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Philadelphia Eagles

Loss of Jordan Hicks threatens Eagles defense

Trainers take a look at Philadelphia Eagles middle linebacker Jordan Hicks (58) during the first half of an NFL football game against the Washington Redskins, Monday, Oct. 23, 2017, in Philadelphia. (AP Photo/Matt Rourke)
AP Photo/Matt Rourke

There is no question that Philadelphia Eagles left tackle Jason Peters will someday be enshrined in Canton, Ohio.

Nine Pro Bowls, two first-team All-Pro berths and widespread recognition as one of the NFL’s most freakishly gifted athletes guarantees Peters will get that yellow jacket and bronze bust.

“In all my years of football,” offensive coordinator Frank Reich said Wednesday, “Jason Peters is the best offensive lineman I’ve ever played with or coached.”

Peters’ loss signals trouble for an offense that has flourished in the first half of the season, and for a second-year quarterback who has quickly emerged into the league’s next superstar gunslinger. The Eagles rank fifth in total offense and Carson Wentz has the NFL’s most touchdown passes.

But the reality is that middle linebacker Jordan Hicks’ Achilles injury, also suffered against Washington, threatens to submarine the Eagles’ season more than Peters’ absence.

Without Peters, the Eagles can help his replacement, Halapoulivati Vaitai, with an extra tight end, with running backs staying back, or with running backs and tight ends chipping edge rushers before releasing.

Head coach Doug Pederson can lean more heavily on the run or short passing game to set up manageable third downs for Wentz, who has already helped his offensive line immeasurably with subtle pocket motions that sidestep pressure and with ridiculous mobility outside the pocket that invokes Aaron Rodgers comparisons. Wentz is the team’s second-leading rusher and has three of the Eagles’ five longest runs.

It won’t be easy, but the Eagles can survive without Peters. Forging ahead without Hicks will be much more daunting.

Hicks, a 2015 third-round pick, has become one the NFL’s top inside linebackers because of his speed, instincts and intellect. His ability to circumnavigate offensive linemen en route to ballcarriers makes him an ideal linebacker for Schwartz’s scheme, which asks down linemen to play the run on the way to the quarterback instead of engaging offensive linemen. He’s also their best coverage linebacker by a country mile.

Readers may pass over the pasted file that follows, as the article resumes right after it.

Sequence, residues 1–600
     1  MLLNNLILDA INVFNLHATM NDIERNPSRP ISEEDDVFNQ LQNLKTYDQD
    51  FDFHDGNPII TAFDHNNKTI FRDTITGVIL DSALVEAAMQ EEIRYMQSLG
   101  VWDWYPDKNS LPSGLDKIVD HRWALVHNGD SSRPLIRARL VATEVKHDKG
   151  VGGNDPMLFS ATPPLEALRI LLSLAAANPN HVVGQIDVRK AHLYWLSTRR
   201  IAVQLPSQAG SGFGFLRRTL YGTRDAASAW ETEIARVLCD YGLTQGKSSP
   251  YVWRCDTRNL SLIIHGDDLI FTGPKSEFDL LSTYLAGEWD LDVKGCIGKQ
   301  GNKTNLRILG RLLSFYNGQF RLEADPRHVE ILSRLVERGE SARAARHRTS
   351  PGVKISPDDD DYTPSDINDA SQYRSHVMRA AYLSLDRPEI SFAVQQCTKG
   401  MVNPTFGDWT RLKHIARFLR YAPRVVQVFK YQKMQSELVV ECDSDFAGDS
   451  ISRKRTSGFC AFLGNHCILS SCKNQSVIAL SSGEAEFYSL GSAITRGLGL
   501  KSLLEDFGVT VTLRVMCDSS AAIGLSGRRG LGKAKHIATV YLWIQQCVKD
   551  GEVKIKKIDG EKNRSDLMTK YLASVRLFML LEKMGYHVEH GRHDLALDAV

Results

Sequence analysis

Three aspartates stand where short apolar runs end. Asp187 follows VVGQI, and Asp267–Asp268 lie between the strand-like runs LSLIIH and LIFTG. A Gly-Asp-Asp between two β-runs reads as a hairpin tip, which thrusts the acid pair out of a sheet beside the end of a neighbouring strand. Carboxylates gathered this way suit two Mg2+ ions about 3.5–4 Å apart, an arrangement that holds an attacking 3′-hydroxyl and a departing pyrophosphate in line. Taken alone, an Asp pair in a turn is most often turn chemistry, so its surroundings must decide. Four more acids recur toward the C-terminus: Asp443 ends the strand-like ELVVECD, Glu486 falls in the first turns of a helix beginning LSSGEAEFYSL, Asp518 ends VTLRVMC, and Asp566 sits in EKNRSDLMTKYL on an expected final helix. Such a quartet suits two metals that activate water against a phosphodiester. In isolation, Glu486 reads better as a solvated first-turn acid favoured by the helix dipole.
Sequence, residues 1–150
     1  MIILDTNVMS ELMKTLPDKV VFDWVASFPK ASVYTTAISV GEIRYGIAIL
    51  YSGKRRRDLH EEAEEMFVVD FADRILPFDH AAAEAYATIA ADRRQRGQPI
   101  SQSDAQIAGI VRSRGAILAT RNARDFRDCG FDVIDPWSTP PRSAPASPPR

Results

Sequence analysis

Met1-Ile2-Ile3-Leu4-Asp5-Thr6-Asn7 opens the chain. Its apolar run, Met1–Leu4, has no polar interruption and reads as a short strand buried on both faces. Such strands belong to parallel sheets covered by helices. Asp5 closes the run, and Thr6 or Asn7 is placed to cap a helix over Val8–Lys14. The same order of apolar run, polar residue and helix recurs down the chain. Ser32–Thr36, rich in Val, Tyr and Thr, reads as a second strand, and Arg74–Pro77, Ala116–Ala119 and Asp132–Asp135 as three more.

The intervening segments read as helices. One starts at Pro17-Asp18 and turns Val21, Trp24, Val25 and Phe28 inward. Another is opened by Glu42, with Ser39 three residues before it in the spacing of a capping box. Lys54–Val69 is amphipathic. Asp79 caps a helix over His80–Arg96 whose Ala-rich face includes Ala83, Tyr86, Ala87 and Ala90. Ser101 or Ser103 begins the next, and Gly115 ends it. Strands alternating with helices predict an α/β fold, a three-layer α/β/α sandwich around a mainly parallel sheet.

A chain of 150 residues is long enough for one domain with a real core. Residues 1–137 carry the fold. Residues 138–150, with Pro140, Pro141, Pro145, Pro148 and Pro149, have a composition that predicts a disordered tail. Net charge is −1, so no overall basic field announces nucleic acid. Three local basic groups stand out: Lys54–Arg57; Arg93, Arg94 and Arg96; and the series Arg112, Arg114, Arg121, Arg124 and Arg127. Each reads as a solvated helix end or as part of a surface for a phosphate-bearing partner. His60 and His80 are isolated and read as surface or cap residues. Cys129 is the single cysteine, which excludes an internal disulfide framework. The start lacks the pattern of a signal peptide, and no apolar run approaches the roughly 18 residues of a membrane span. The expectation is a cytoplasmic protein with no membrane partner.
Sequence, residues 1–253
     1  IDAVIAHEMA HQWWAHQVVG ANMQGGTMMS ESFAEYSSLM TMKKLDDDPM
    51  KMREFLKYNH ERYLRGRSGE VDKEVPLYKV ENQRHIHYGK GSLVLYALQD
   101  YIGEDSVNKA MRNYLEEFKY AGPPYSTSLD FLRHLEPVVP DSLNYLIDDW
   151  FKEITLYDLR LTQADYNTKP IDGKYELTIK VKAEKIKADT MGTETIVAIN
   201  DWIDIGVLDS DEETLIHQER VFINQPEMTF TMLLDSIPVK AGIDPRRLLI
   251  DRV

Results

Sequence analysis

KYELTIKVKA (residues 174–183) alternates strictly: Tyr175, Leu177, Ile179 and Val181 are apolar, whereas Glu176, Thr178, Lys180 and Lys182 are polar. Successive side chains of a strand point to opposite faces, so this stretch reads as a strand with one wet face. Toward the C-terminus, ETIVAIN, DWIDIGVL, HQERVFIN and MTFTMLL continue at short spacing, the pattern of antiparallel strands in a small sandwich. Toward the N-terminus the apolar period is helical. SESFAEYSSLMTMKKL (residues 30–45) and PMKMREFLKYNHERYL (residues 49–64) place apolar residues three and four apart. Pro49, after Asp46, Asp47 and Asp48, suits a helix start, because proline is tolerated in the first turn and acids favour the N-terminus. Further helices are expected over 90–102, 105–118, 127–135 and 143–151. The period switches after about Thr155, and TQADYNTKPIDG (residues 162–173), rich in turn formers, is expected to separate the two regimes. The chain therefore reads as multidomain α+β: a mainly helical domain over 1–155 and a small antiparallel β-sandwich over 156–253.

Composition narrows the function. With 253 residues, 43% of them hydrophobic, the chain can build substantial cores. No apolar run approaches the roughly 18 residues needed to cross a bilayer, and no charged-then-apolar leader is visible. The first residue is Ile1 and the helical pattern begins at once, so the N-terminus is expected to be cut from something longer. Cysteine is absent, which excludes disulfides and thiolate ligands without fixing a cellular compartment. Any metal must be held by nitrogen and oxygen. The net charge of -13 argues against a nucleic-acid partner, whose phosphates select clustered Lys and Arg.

Philadelphia Eagles' Jordan Hicks reacts during the first half of an NFL football game against the Arizona Cardinals, Sunday, Oct. 8, 2017, in Philadelphia. (AP Photo/Michael Perez)

(AP Photo/Michael Perez)

Then there’s the stuff not always visible to the naked eye: how he makes the calls, aligns his teammates, and keeps the unit together.

“The quarterback of the defense,” Schwartz called him.

Hicks isn’t the only reason the Eagles are No. 1 against the run and rank third in third-down defense, but he’s a major one.

Schwartz’s scheme, so far, has been predicated on preventing deep plays by allowing space across the middle, putting the burden on Hicks and Co. to swarm and wrap up, a demand that requires sound fundamentals.

Those traits are now missing with Hicks out for the season — they can’t be so easily schemed around. Mychal Kendricks, a reserve who has played well, will fill Hicks’ role – although Nigel Bradham will wear the mic’d helmet — and the unseasoned Joe Walker will replace Kendricks as weak-side linebacker for sparsely used base (three-linebacker) formations.

Kendricks has often missed time with injuries and has a tendency to have his weakness exposed when asked to start. He spent Monday night inactive due to a hamstring injury. Walker missed his rookie season to recover from an ACL injury and has mostly played special teams this season.

Without Hicks and Kendricks, Washington Redskin quarterback Kirk Cousins went to work against the underbelly of the Eagles’ defense, prompting Schwartz into six-defensive back formations that compensated for size with more quickness.

The Eagles allowed 303 yards through the air, mostly to tight ends and running backs, the positions directly affected by Hicks’ absence. Outside receivers accounted for 42 Redskin receiving yards, just 145 percent of the passing offense.

Schwartz noted that his team has “played a lot of football” without Hicks, who missed eight games his rookie season from a torn pectoral muscle and was limited in training camp by a broken hand he suffered on his honeymoon in June.

Before Monday night, Hicks seemed destined for an extension this offseason. The Eagles, under vice president of football operations Howie Roseman, have always tried to lock up their young, foundational talent as soon as the CBA permits an extension.

Now, the Eagles have to think twice about throwing big dollars at someone who will have missed 17 games in three seasons, someone who suffered two season-ending injuries in college at Texas and two more in his first three NFL seasons.

That’s a decision for March or April. Right now, the only question is how the Eagles’ defense maintains without him.

— Geoff Mosher, a longtime Philadelphia sports reporter, is also a host on @975TheFanatic in Philadelphia. Follow him on Twitter @GeoffMosherNFL.

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